1. Wider use of video telemedicine
  2. Primary care clinician using eConsult services to avoid referrals or make the referrals more streamlined.
  3. Primary Care Clinicians use UpToDate and other resources to care for their patients without a referral or make referrals more targeted and efficient.
  4. Some specialist physicians have hired Nurse Practitioners or Physician Assistants to be Specialist Extenders for initial consultations and ongoing care.
  5. Artificial Intelligence-assisted transcription services make documentation and communication more efficient when deployed by specialists.
  6. Changing documentation requirements in 2022 has alleviated the burden of inefficient, low-quality clinical documentation.
  7. Partnership’s Transportation Benefit allows access to specialists who are further away, when no specialists are available locally.
  8. Some tribal health centers, rural health centers and tribal health centers have begun contracting with specialists directly.

What can primary care clinicians do to help?

  1. Good workups before referral. Primary care clinicians, especially the growing number of primary care Nurse Practitioners and Physician Assistants, can alleviate specialty demand further by developing systems to ensure that all referrals are warranted and well worked up.  Reserving specialty referral for patients that cannot be cared for by primary care clinicians frees up specialty visits for those patients who need to see specialists.  Send over good documentation with the referral to make the specialist’s workup more efficient.
  2. Use telemedicine where possible. Sign up for, use, and embrace Partnership’s specialty telemedicine program.
  3. Target specialty referral to the specialist most appropriate to the patient’s needs. Don’t send many referrals to several specialists for the same patient, and clog up the referral system.
  4. Have conversations with impacted specialists and their specialist coordinators in your community. These help set expectations and prioritization, as well as standard procedures.  This makes the referral process more efficient for everyone: primary care, specialists, and patients.   Partnership hosts “referral roundtables” in each community: be sure to send your referral staff to these events.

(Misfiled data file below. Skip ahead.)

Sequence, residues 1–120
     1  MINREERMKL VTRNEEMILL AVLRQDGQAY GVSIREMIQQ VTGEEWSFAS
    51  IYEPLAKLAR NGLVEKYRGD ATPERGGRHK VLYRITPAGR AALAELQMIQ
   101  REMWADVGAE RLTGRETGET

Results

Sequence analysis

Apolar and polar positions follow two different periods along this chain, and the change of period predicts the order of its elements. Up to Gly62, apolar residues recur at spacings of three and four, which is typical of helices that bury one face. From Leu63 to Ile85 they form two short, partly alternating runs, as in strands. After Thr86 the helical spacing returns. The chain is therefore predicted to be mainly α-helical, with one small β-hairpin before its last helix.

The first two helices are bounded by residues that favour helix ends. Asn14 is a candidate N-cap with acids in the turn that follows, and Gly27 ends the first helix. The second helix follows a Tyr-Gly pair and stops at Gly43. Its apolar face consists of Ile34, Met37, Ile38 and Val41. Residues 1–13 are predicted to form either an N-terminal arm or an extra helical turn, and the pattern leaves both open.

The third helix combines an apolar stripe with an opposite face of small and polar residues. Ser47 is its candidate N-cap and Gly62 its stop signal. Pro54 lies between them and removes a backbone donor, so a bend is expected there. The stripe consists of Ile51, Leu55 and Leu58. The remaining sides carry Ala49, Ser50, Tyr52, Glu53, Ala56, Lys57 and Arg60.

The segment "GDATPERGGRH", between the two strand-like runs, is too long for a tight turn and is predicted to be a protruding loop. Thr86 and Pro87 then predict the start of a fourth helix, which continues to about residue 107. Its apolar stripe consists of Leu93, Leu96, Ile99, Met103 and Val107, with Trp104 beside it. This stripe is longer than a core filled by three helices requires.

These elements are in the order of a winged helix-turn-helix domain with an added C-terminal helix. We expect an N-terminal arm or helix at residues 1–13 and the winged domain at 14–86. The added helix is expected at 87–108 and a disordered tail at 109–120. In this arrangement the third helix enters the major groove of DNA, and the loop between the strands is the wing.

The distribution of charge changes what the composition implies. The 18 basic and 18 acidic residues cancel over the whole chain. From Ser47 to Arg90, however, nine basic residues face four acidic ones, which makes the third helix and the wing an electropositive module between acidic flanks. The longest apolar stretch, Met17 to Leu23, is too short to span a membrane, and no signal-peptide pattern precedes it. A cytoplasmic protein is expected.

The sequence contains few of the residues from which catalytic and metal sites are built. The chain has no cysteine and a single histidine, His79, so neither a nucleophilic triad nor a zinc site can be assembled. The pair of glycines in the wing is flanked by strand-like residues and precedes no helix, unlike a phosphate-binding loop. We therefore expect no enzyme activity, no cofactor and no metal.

What policy interventions are needed?

  1. Medicare Rates: First and foremost, having the U.S. Congress change the Medicare reimbursement system from automatically generating cuts to physician rates to one that inflation-indexes future rates (H.R. 2474).  Related to this, short-term relief by actually generating Medicare rate increases is also important (H.R. 6683). Physicians should coordinate communication with their elected representatives with the American Medical Association, being sensitive to how legislative staff respond to arguments that paying physicians more is key for specialty access.
  2. Graduate Medical Education: A dramatic increase in funded GME slots nationally is needed in specialties with the greatest shortages (gastroenterology, cardiology, rheumatology, endocrinology, ENT, neurology) as well as for primary care (H.R. 2389 and S. 1302).
  3. Ballot Initiative in California to Lock in MCO Tax link to Medi-Cal Rates. While DHCS plans to increase specialist rates for Medi-Cal starting in 2025, a planned ballot initiative would lock these into place for the future.

What more can be done?

Although there is a broad shortage of specialists, the shortage is more acute for some specialties in some communities.  In these cases, the local hospital may be willing to subsidize recruitment to ensure hospital coverage of the specialist.  A local Health Center may be willing to bring in a specialist under their umbrella.  Partnership is working to track the shortages in each geographic area and to work with community partners to focus energy on these.  Please reach out to your local Partnership regional leadership if you want to help with this effort.